Clearly, voters want to know. After the debate, searches spiked on "who won the vice presidential debate" and "who is the vp debate winner." The Buzz contains a slew of analysis pieces on who came out on top, but like everything else in politics, the answer depends on who you ask.
Why would someone who watched the debate do a web search to see who won? Survey says: People are incapable of making up their own minds.
I was at home today and in a brain-dead moment, I turned on The Price is Right. It's fascinating to me to watch contestants staring out at the audience for a clue as to whether the price of the "brand new car" is $17,345 or $17,355. Can the people in the audience honestly tell the price of the car within ten dollars? Make up your own mind. I suppose they look out there because the producers tell them to, plus it gives them someone to blame when they go home empty-handed. How can they be expected to concentrate on the game with all that screaming?
Last night's Phillies game set an all-time attendance record for Citizen's Bank Ballpark. 46,208 people crammed into a ballpark that lists its capacity at 43,647. They had 50 sell-out's this season and the attendance figure was different for every one. What's a sell-out and what does capacity mean? Tell me, then we'll both know.
They passed that government bailout bill today. They changed it from a "bailout" to a "rescue" because rescuing something sounds a lot more positive than bailing them out. A bailout suggests that we're giving them something, and a rescue sounds like we're saving them - which is much better. We're all about semantics here in the U.S.A.
It will be partly sunny tomorrow because that sounds better than partly cloudy.

Thursday, October 2, 2008

October baseball.

We don't get many chances to gloat around here, so forgive me while I gloat.
Our Phillies have a two games to none lead over the heretofore pathetic Milwaukee Brewers in a best-of-five series that appears to be all over but the shouting.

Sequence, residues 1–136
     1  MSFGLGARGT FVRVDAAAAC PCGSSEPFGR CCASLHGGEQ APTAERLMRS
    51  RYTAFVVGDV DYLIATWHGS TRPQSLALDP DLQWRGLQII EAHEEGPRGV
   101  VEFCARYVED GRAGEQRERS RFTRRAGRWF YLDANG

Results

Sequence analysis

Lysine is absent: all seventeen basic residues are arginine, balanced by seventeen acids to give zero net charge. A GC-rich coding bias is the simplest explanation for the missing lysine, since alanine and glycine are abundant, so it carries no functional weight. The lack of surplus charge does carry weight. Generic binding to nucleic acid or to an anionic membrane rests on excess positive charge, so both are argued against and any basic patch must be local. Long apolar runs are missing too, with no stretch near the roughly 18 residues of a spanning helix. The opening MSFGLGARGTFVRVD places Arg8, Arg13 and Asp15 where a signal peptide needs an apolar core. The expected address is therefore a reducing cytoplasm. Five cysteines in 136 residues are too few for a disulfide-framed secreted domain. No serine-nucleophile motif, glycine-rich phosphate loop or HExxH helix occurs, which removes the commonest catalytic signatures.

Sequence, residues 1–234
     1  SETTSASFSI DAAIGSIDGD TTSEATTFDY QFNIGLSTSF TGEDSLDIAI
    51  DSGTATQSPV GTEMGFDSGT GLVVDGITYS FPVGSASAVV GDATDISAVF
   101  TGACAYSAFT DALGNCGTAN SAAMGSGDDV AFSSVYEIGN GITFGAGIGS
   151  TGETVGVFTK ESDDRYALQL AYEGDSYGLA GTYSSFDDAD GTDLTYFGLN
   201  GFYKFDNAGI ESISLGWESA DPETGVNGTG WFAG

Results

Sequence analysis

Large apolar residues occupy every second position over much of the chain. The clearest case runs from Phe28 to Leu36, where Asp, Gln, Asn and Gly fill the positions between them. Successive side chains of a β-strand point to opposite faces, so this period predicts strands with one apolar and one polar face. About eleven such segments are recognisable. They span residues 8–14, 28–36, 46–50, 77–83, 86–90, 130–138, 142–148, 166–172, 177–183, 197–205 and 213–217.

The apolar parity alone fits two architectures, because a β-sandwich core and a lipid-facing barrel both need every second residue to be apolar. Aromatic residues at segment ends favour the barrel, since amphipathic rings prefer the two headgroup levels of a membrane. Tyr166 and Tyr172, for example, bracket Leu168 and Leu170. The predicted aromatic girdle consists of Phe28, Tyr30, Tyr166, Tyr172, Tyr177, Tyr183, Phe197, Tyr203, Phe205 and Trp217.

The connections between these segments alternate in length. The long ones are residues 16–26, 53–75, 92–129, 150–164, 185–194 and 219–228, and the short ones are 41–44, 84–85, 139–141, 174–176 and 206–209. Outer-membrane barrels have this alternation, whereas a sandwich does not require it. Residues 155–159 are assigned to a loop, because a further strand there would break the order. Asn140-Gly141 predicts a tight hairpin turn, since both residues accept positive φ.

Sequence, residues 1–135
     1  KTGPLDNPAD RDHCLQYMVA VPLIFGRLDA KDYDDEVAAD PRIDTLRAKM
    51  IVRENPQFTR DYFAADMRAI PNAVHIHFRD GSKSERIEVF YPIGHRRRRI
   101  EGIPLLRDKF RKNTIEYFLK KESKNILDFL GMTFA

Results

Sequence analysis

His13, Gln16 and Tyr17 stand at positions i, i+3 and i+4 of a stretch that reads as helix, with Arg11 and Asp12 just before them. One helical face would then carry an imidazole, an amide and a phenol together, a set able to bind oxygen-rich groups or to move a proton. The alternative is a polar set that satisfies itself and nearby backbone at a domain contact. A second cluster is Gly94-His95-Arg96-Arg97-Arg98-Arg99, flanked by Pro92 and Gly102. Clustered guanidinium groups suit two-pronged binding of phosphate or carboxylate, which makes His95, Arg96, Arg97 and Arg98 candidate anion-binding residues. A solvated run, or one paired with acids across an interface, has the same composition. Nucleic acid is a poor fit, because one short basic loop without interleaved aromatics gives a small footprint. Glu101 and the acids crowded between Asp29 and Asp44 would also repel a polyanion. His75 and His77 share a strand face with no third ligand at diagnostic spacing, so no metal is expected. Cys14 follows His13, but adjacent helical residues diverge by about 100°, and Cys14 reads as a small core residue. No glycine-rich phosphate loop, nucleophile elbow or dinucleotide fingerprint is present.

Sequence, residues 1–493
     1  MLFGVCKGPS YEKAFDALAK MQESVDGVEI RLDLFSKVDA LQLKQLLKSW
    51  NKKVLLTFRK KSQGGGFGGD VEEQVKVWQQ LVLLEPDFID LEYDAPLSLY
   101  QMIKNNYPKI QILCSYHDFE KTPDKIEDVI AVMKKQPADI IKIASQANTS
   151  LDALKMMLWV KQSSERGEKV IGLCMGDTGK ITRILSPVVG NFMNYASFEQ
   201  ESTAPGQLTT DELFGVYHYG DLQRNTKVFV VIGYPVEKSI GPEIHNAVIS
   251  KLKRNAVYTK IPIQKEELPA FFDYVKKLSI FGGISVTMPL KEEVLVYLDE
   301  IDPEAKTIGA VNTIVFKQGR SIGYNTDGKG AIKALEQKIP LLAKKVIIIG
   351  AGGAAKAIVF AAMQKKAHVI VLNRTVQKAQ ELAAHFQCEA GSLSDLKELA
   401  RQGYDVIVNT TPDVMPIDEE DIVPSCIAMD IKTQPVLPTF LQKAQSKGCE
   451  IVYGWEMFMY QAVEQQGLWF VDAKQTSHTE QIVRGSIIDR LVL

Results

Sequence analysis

Last night we were doing the shouting as the heretofore hailed Ace of Baseball CC Sabathia (the CC stands for Can't Compete) was supposed to come in and shut down the Phillies because - well - he's CC Sabathia. What we found out, to the chagrin of the Brewers, was that Sabathia is not only human but worn out and rag-armed.
One of the many good things about being in a playoff series against the Brewers is that there are precious little Brewers fans in the ballpark to ruin the fun. In this case however, it would have been nice to run into a few. It took a chance encounter in a local pub after the game to find two of them.
"It isn't over," they told me. To which I replied, "Please - stop. It's over." They're two games down in a five game series and their (supposedly) best pitcher is done.
I wanted some time to gloat.

What I'll be doing while you're doing what you'll be doing.

You have no idea (or little idea) how interesting this blogging thing is. Not only did I receive a page hit (or three) over yesterday's post, I also received a hit from my buddies at Widener University - even though I'm not paying them anymore - over the mere fact that I earned a big-time degree at their fine institution.